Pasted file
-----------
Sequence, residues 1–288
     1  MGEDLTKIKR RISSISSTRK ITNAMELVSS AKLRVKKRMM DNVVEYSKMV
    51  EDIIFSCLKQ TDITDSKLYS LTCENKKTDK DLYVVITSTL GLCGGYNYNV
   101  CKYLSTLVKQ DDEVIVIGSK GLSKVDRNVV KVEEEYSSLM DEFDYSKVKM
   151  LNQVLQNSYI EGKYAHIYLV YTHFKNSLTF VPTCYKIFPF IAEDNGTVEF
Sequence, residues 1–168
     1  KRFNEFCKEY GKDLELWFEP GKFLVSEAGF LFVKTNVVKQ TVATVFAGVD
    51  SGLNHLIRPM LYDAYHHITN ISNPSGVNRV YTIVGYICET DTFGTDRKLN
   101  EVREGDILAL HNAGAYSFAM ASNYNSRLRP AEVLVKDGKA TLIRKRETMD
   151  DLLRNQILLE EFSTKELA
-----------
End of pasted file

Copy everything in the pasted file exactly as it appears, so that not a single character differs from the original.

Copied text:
Sequence, residues 1–288
     1  MGEDLTKIKR RISSISSTRK ITNAMELVSS AKLRVKKRMM DNVVEYSKMV
    51  EDIIFSCLKQ TDITDSKLYS LTCENKKTDK DLYVVITSTL GLCGGYNYNV
   101  CKYLSTLVKQ DDEVIVIGSK GLSKVDRNVV KVEEEYSSLM DEFDYSKVKM
   151  LNQVLQNSYI EGKYAHIYLV YTHFKNSLTF VPTCYKIFPF IAEDNGTVEF
Sequence, residues 1–168
     1  KRFNEFCKEY GKDLELWFEP GKFLVSEAGF LFVKTNVVKQ TVATVFAGVD
    51  SGLNHLIRPM LYDAYHHITN ISNPSGVNRV YTIVGYICET DTFGTDRKLN
   101  EVREGDILAL HNAGAYSFAM ASNYNSRLRP AEVLVKDGKA TLIRKRETMD
   151  DLLRNQILLE EFSTKELA